Sunday, March 27, 2011

The American Non-Revolution and Anti-Federalism

Stephen B. Tippins reminds us that "our revolution was not rooted in the fanciful notions of natural rights but was a sustained effort to preserve liberties long secured by English law," reviewing a book which "firmly places the constitutional origins of America not in abstract principles but in a sound legal tradition, one that separates us not just from the rest of the world but from most of the West" — Jefferson’s Mistake.

Of the man mentioned in the title, the author writes: "He literally helped shape the nation; he built a proverbial, secular wall that still stands; and he left us with an abstract, philosophical legacy that has contributed to a deficiency in our historical perspective, the price of which is the erosion of Madison’s republican vision and eventual loss of our distinct culture."

Earlier in the review, the author informs us that "the tension between Britain proper (the 'metropolis') and her North American colonies (the 'peripheries') stemmed from competing interpretations of the British constitution," elaborating that there were "two governments, one imperial in scope and exercising full general powers over foreign affairs, war and peace, and external trade and the other a colonial government that ‘was peculiarly his own.’" He goes on to say, "The allocation of powers within our federal system, a recurring issue in American politics, is nothing if not an echo of the challenging constitutional arrangement of imperial Britain."

The leads me to conclude that while we reject Jefferson's "abstract, philosophical legacy," we need not accept "Madison’s republican vision," that of the Federalists, in favor of "the metropolis" (the Federal government) against "the peripheries" (the several States).

The Anti-Federalists were right. Ralph Ketcham, in his edition of The Anti-Federalist Papers and the Constitutional Convention Debates, clearly demonstrates that while they may have been "philosophical," they were anything but "abstract," and were clearly rooted "the peripheries," unlike their rivals, the ultimate victors in the debate, about whom he says, "The federalist on the whole saw and sought the benefits more effective, energetic government could bring," namely "English-style commercial growth, domestic prosperity, and world power." Mr. Ketcham:
    Perceiving these aspirations and purposes, the anti-federalists were at once skeptical and disheartened. They saw in federalist hopes for commercial growth and international prestige only the lust of ambitious men for a "splendid empire" where, in the time-honored way, the people would be burdened with taxes, conscriptions, and campaigns.... The anti-federalists looked to the Classical idealization of the small, pastoral republic, where virtuous, self-reliant citizens managed their own affairs and shunned the glory of empire....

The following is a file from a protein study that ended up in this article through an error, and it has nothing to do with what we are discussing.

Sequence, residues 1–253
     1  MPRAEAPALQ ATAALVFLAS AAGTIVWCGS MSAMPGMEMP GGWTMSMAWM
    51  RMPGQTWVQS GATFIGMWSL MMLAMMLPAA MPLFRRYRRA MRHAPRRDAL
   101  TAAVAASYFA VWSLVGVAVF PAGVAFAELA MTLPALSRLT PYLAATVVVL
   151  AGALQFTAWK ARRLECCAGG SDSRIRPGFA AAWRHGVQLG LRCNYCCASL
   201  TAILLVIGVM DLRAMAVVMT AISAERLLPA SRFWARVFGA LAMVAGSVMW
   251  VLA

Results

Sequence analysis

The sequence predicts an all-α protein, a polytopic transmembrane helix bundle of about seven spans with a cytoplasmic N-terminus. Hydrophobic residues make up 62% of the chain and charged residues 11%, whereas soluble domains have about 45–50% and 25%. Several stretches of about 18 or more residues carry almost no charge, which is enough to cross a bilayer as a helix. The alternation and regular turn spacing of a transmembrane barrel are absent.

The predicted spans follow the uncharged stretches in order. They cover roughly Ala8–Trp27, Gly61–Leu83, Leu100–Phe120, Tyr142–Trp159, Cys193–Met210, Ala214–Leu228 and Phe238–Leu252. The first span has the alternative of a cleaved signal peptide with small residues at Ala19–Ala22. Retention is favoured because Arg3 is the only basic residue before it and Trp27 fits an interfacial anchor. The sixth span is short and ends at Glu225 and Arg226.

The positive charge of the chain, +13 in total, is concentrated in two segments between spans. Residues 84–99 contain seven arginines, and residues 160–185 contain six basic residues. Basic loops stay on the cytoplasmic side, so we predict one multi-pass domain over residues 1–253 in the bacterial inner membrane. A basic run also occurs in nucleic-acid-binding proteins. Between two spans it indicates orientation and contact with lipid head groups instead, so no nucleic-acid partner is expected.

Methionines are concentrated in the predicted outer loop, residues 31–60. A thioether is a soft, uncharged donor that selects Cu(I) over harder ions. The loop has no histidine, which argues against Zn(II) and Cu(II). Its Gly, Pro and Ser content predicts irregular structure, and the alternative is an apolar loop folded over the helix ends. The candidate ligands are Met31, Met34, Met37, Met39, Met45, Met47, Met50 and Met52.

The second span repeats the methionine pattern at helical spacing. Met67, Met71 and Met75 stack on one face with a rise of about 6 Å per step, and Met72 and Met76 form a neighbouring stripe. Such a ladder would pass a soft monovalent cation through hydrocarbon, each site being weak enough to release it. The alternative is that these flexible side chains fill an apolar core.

To the anti-federalists this meant retaining as much as possible the vitality of local government where rulers and ruled could see, know, and understand each other... Each "district," furthermore, would be a town or ward or region conscious of its own, particular identity rather than being some amorphous, arbitrary geographic entity....

    If the basic decency in human nature, most evident among ordinary people at the local level, amid family, church, school, and other nourishing institutions, could impinge directly and continuously on government, then perhaps it too might be kept virtuous and worthy of confidence... Anti-federalists saw mild, grassroots, small-scale governments in sharp contrast to the splendid edifice and overweening ambition implicit in the new Constitution. The first left citizens free to live their own lives and to cultivate the virtue (private and public) vital to republicanism while the second soon entailed taxes and drafts and offices and wars damaging to human dignity and thus fatal to self-government...

    The anti-federalists... sought a society where virtuous, hard-working, honest men and women lived simply in their own communities, enjoyed their families and their neighbors, were devoted to the common welfare, and had such churches, schools, trade associations, and local governments as they needed to sustain their values and purposes.

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Blogger Hume's Bastard said...

Isn't this reductionist? I'm torn between the joy of observing laypeople honestly debate their civic traditions and the pain of observing ideologues isolate threads of what became "American thought" for their own partisan purposes. As much as I adore historical deconstruction and reconstruction, what's most exciting is the rise of new movements - including, I should stipulate, even the Tea Party.

9:58 AM  
OpenID said...

Relearning the history of the revolution really helped free me to explore a very different way of looking at the American experience--even my own personal experience.

I never read this particular work, but there was one that did a masterful job of comparing the American revolution to the French one, though I cannot remember the name.

I've been enjoying following your blog for the last couple of weeks. Beautiful art and interesting thoughts. Cheers!

2:27 PM  

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